Have you ever tried to take your kids anywhere fun? Some of you, like me, just froze except for that little twitch in your left eyelid. I almost break out in a sweat at the thought. And I’m not talking about major trips. I’m talking about places like the zoo, or a movie or a show.
Let me tell you about the last time we took our kids to a show. I’ll just preface it by saying it happened about four years ago — that’s how bad it went. We went to Disney on Ice. I would like to insert my disclaimer right now and say that this show was awesome. It had everything you would ever want to see on ice — princesses, witches, more princesses, fish, more princesses. This is in no way, shape or form against on Disney on Ice. It might be a teeny slam on my children.
At one point during the show, my oldest daughter sat with her coat on backwards so the hood covered her face. This apparently was her protest over our refusal to buy her the $20 twirly glow stick that the man kept walking up and down the stairs trying to sell. Another daughter cried and turned her back to the show because she couldn’t have her own cotton candy. Or popcorn. The baby didn’t seem to care about anything.
I had naively pictured my girls thanking us. And hugging us. And skipping. Mostly they pouted and whined.
When I got a coupon in the mail for the upcoming Disney on Ice and I left it out on the counter. I really wanted to go again. My husband walked in, looked at it like it was poison and said, “You aren’t thinking about this, are you?” I tried to explain that the younger kids can’t have their chance ruined because the older ones were brats that day, but once I saw the twitch in his eyelid, I knew I’d better stop.
The zoo is another great idea until you get there. By the time I pack all the strollers, bags, snacks, water, special toys, cameras, hats (you get the picture), I wonder if I can convince the kids to just watch Barney Zoo instead of actually going. We walk in the front entrance and someone immediately has to go to the bathroom. And when she comes out, it triggers another child’s bladder and so forth.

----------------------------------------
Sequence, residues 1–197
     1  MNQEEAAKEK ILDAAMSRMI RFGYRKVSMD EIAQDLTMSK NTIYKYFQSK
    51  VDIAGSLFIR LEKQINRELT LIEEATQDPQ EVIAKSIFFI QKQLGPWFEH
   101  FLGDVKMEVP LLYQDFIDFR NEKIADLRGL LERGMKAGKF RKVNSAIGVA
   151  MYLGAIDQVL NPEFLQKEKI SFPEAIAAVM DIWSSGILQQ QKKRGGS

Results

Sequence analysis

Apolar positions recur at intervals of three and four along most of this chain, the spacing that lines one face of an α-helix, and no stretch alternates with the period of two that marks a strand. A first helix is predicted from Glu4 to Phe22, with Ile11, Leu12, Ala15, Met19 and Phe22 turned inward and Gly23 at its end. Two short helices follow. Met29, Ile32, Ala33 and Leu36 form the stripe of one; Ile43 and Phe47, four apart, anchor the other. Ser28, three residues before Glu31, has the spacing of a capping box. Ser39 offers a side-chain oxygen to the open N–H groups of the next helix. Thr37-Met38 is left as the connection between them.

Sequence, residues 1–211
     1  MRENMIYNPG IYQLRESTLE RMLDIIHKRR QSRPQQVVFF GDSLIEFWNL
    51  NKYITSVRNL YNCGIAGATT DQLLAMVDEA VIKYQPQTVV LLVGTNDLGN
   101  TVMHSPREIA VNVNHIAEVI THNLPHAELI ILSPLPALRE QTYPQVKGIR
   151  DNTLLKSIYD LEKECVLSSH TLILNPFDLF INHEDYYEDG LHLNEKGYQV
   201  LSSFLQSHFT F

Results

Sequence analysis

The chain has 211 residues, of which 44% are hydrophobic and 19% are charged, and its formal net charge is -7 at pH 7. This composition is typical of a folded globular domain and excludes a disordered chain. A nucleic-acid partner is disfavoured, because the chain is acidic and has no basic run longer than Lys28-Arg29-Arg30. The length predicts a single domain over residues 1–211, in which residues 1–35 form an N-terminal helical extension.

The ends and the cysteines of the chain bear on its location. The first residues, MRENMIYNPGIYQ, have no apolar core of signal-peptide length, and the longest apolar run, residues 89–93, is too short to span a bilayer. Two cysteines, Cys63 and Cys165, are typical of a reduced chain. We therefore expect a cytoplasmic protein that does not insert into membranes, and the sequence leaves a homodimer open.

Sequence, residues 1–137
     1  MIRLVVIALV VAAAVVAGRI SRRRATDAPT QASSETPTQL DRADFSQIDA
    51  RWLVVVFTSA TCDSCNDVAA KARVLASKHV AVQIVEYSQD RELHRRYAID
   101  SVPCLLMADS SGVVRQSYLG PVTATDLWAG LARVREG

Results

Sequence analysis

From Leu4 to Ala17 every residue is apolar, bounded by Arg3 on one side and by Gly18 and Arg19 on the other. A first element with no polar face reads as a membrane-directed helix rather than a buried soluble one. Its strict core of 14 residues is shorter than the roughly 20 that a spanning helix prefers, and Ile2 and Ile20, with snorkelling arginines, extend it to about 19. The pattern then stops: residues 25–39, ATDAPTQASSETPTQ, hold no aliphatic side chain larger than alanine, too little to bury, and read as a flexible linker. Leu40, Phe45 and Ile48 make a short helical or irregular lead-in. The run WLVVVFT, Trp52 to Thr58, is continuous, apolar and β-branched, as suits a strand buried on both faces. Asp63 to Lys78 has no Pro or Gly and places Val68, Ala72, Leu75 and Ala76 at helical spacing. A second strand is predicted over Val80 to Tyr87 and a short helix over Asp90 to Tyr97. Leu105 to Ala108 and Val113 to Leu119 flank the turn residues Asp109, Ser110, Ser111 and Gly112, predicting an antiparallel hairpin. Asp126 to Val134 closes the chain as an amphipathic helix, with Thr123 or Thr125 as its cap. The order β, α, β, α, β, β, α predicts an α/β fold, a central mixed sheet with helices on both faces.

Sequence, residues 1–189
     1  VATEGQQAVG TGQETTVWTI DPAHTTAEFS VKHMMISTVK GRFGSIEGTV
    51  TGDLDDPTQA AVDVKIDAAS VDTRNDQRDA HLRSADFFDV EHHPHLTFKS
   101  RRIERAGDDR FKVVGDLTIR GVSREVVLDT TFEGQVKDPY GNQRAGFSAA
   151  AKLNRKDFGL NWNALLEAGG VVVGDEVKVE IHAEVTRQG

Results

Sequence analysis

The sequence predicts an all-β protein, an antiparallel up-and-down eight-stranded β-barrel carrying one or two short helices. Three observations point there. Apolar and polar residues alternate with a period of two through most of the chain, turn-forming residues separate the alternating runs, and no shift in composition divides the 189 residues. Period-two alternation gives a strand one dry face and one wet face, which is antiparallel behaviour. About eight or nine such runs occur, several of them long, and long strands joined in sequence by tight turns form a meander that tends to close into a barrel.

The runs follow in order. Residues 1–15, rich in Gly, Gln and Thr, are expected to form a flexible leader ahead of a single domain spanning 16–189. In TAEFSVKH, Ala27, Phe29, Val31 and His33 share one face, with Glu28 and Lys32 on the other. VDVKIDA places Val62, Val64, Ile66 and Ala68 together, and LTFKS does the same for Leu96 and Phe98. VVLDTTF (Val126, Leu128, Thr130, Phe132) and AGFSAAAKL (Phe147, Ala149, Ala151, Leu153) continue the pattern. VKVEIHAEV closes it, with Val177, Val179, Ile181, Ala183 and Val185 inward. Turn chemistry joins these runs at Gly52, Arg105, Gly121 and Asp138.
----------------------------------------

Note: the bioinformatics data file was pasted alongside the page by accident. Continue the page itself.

Twenty minutes later we start walking, but I have forgotten to sunscreen them. So 20 minutes after that we start walking (again) and someone is hungry. I can still see the car in the parking lot and we are already busting out my mid-day snacks. By the time we’ve seen four animals I’ve broken up three fights, changed two diapers and am now looking wistfully at the trail of Goldfish we’ve left behind, leading us back to the entrance.
I can honestly say that the only difference between taking our kids places now compared to when we were (more) stupid parents is that we have drastically lowered our expectations. I never leave home without a stash of suckers, Smarties, or gum. I fully expect at least three out of five children to cry on any given outing. If I get to see half of a movie without potty breaks or crying babies, it was worth the ticket price.
So, call me crazy, but I think I might fish that flyer out of my coupon drawer. And give it to my sister with just one kid.
Michelle Marshall is currently the mother of five girls.